Throughout the initial weeks on AFL, I soon began to further understand where these negative viewpoints came from, and a lot had to do with changing HE systems and structures. In the old days of University education, when the opportunity for furthering education through HE was restricted to an elite few, the University experience was very different. The ‘academic’ was deemed as the all-knowing authority, learning was ‘passive’ – a transfer of knowledge from the expert to the novice, with a focus on the acquisition of expert-knowledge, rather than experience or skill. Transferring from this to the current culture, where there is an increased and diverse student body paying high fees as ‘customers’, where students and tutors are deemed as partners in learning, and where learning is ‘active’ providing opportunity for students to co-construct their own knowledge collaboratively through both theory and practice (HEA, 2012). In terms of assessment and feedback there was more scope for individual ‘academic’ subjectivity, however today HE institutions are under the scrutiny of the Quality Assurance Agency (QAA) to ensure consistent and transparent assessment and feedback practices (QAA, 2011).

This has lead to a perceived obsession with bureaucratic processes linked with compliance and standards – learning outcomes, criteria – rather than there being a focus on ‘learning’ which some believe is lost through the bureaucracy. Furedi (2012) in his article ‘The unhappiness principle’ argues that learning outcomes “disrupt the conduct of the academic relationship between teacher and student”, “foster a climate that inhibits the capacity of students and teachers to deal with uncertainty”, “devalues the art of teaching”, and “breeds a culture of cynicism and irresponsibility”. The article certainly sparked some debate, some of which we talked about on AFL. How can we prescribe outcomes, when learning for everyone is different depending on where they start from in the first place, and indeed where they intend to go? Can, or should, we actually guarantee anything as an outcome of learning? Can the presence of outcomes as a ‘check list’ of learning discourage from creativity, exploration, and discovery in learning? Or, does the absence of learning outcomes provide a ‘mystic’ that encourages creativity, exploration, and discovery? Does such ‘mystic’ foster deeper learning or merely confusion and student dissatisfaction?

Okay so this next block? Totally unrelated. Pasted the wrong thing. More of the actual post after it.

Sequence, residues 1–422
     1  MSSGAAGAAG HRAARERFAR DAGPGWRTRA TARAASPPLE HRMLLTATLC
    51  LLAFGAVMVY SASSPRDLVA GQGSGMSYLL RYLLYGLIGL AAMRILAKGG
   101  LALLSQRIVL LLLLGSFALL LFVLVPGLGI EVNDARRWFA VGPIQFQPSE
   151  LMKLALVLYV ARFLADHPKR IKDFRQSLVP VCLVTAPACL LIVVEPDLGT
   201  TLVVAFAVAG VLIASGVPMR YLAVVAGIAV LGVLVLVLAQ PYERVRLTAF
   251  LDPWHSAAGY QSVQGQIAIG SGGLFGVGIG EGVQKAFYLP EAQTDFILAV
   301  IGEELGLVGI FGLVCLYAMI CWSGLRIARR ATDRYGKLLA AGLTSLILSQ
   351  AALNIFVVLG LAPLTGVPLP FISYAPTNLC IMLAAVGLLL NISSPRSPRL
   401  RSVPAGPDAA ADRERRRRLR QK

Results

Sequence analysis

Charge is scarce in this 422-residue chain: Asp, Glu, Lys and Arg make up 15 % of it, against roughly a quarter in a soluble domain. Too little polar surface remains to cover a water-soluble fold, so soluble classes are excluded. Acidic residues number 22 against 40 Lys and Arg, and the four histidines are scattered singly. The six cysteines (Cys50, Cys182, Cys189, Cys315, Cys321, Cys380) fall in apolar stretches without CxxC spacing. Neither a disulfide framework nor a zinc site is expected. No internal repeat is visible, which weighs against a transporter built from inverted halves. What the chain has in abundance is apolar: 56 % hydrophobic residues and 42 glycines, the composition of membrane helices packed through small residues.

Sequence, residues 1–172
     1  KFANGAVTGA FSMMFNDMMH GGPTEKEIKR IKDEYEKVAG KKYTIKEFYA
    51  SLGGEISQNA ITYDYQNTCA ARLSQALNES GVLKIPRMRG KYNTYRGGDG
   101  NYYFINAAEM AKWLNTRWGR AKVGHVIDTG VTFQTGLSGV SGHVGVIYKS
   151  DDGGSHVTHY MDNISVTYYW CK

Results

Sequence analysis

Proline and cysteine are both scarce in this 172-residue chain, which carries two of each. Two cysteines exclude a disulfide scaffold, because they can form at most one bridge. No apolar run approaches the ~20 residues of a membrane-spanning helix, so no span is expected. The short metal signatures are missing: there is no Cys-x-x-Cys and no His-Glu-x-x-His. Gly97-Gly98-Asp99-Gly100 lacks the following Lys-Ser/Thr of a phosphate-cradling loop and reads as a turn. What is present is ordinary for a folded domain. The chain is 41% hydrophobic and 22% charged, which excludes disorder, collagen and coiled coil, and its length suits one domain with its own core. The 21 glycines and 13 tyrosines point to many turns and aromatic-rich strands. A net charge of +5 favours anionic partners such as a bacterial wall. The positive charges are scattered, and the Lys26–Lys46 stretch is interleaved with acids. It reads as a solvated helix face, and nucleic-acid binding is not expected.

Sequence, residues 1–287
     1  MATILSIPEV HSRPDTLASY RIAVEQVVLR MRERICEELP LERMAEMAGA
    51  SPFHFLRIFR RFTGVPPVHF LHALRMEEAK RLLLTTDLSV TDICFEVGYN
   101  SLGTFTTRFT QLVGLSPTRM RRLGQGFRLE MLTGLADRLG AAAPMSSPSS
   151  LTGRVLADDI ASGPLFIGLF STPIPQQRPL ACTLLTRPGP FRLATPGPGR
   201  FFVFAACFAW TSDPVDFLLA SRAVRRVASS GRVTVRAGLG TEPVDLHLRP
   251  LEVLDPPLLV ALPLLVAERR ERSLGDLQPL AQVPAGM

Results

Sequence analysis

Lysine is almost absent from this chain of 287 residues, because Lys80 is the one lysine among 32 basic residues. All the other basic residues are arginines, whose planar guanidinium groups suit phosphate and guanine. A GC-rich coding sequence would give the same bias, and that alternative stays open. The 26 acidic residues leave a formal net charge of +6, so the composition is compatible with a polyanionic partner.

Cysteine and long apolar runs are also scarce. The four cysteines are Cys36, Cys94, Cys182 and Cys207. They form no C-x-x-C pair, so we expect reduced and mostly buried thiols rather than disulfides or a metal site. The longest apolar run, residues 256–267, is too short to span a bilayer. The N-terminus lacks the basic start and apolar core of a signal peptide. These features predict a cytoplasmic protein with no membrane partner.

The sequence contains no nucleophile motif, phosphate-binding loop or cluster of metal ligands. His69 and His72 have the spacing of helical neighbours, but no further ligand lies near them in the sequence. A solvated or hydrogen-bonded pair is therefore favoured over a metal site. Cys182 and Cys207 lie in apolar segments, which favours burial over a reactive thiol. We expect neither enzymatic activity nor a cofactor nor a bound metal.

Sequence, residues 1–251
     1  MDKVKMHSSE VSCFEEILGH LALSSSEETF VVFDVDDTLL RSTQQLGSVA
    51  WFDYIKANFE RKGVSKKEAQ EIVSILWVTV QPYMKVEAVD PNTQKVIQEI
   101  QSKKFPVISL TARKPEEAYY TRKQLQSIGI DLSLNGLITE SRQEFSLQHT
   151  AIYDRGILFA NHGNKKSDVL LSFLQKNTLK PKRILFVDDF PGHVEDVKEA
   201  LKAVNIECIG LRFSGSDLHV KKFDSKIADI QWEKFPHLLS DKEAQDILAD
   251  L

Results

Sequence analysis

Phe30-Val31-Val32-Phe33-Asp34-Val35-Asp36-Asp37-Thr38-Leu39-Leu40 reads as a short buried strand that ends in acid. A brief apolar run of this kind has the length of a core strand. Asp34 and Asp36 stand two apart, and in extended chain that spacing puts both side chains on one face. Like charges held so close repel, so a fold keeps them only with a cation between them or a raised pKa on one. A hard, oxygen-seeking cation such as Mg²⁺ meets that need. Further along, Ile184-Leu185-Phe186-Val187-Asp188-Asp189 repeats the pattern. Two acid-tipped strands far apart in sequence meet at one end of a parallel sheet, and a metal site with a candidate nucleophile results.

Through collaborative exploration during both the PBL group-work and discussions with the whole cohort, it was clear that to some degree consistency, transparency, and constructive alignment of assessment criteria with learning outcomes are important factors, not just to satisfy QAA requirements, but also to ensure validity, reliability and fairness to both tutors and students as partners in learning (University of Salford, 2012). It is also important to acknowledge and respect that there will always be an element of subjectivity, as responsibility for marking is largely down to the subjective judgement of tutors and other markers (Bloxham and Boyd, 2007).

In terms of where this relates to my own practice, I feel the conclusions are relevant in that I need to work with academic colleagues to further understand their assessment and feedback practices. During AFL I came across some real examples of criteria and/or rubrics in-practice at Salford, which although not fully aligned with University guidance (e.g. use of A-F grades), they do seem to work in that staff, students, and external examiners have praised some of the practice. As a staff developer I need to appreciate and fully understand current practice, and work with colleagues to facilitate a ‘community’ amongst programme and subject teams to enable them to work collectively, socially constructing a set of shared standards to ensure valid, reliable, and fair assessment and feedback practice.